- Austin Gehret, Rochester Institute of Technology
- Length of Session: 1-hr
- Format: Lecture
- Expertise Level: Beginner
- Type of session: General Conference
The presentation will begin with an overview of the Cognitive Theory of Multimedia Learning (CTML). It will then provide an introduction to the online tutorial designed for d/Deaf and hard-of-hearing (DHH) students. Finally, we will present student survey responses to the tutorial within the framework of CTML design principles.
COVID-19 has ushered in a new era of online education. Traditional multimedia instruction employs both pictures and words as a standard e-learning resource. The Cognitive Theory of Multimedia Learning aids in the design of these resources to engage the active processing of the learner. However, this theory is partly based on the dual-channels principle (learners both see and hear information) from cognitive science. Faculty members who teach d/Deaf and hard-of-hearing (DHH) students are challenged to develop multimedia instruction that aligns with these design principles. The current project recruited DHH students to watch a chemistry multimedia tutorial that was voiced, captioned and signed to maximize access to content. Participants were then asked to provide their perspectives on the features that helped and hindered their learning. Perspectives are presented within the theoretical framework and provide novel insight into how it might best be adapted for this student population.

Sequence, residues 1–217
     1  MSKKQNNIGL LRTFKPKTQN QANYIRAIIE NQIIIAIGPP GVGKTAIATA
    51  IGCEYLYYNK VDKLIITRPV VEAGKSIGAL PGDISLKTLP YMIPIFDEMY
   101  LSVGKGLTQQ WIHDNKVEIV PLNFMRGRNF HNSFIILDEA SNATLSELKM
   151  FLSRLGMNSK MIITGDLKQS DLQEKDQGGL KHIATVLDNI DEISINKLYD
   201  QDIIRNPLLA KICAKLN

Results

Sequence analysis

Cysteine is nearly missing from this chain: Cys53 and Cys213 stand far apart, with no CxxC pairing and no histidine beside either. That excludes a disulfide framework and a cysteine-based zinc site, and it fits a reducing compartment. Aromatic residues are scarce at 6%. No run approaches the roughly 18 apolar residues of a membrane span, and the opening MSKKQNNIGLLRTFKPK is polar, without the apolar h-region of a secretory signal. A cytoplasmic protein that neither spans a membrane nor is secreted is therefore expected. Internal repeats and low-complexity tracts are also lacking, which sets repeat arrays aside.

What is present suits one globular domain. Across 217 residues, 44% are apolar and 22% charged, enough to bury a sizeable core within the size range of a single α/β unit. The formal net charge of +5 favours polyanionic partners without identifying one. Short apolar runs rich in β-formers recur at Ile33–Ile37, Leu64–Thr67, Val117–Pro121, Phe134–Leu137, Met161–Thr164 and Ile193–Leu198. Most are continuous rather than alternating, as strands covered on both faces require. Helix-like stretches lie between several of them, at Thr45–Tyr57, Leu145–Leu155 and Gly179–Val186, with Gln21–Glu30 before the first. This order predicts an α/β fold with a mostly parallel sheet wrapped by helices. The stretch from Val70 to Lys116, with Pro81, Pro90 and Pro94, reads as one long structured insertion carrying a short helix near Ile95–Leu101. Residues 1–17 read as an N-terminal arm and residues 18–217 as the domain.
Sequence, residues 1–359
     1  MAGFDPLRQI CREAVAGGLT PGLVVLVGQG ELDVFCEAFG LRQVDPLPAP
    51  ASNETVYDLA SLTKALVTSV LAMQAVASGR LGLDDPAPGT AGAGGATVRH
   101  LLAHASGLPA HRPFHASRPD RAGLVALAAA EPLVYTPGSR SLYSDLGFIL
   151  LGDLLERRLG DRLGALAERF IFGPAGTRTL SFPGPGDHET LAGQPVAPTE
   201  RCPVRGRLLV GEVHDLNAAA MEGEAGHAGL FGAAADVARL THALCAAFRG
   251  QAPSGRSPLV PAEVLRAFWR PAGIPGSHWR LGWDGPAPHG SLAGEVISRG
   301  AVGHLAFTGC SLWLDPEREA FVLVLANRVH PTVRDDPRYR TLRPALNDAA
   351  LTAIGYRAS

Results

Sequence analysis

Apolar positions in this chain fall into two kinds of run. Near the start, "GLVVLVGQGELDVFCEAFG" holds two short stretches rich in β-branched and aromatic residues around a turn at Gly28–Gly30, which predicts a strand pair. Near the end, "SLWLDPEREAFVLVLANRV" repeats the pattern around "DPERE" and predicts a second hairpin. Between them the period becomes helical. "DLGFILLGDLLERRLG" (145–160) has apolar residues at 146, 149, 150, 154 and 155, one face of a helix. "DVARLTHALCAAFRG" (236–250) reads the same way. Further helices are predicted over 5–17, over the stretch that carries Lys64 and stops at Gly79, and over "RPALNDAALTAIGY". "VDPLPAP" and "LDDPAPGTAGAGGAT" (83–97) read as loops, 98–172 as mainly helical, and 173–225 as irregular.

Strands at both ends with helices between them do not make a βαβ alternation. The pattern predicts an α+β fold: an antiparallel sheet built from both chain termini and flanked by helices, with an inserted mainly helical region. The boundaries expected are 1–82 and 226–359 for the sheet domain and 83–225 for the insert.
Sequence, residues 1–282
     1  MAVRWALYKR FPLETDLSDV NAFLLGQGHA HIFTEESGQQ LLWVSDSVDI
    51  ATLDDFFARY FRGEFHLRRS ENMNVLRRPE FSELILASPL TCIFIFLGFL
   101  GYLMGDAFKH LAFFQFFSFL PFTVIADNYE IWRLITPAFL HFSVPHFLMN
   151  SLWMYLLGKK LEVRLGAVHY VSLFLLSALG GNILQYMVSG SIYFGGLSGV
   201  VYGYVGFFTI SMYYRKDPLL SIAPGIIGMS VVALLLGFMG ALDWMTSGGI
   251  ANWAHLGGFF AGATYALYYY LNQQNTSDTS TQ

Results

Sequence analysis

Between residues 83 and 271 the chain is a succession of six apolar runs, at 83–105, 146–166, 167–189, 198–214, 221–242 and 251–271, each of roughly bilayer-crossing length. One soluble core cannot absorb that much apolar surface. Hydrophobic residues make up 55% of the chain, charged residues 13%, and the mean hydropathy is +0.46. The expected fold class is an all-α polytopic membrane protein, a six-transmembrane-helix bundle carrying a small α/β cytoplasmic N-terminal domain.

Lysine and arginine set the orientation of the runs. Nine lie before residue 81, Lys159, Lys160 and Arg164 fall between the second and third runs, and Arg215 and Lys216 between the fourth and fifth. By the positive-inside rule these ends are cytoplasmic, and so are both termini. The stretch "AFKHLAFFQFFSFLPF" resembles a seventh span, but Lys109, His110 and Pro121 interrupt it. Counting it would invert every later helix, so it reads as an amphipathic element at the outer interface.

- Students that are d/Deaf or hard of hearing (DHH) disproportionately elect to participate in online education.
- The cognitive theory of multimedia learning supports effective learning with multimedia educational resources.
- Students that are d/Deaf or hard of hearing (DHH) have not been considered in the design of CTML.
Deaf/Hard of Hearing
Accessible Educational Materials, Uncategorized
Austin U. Gehret, PhD, is an Associate Professor in the Science and Mathematics department at the National Technical Institute for the Deaf (NTID) at Rochester Institute of Technology. His research interests include identifying best practices for the delivery of remote instruction to students who are deaf and hard of hearing and classroom interventions designed to enhance student comprehension of biochemistry and biotechnology concepts.